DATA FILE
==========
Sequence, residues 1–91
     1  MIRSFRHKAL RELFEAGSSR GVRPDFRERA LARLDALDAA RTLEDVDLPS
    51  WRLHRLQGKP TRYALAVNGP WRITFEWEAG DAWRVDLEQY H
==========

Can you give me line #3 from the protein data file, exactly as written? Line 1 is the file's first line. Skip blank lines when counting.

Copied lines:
    51  WRLHRLQGKP TRYALAVNGP WRITFEWEAG DAWRVDLEQY H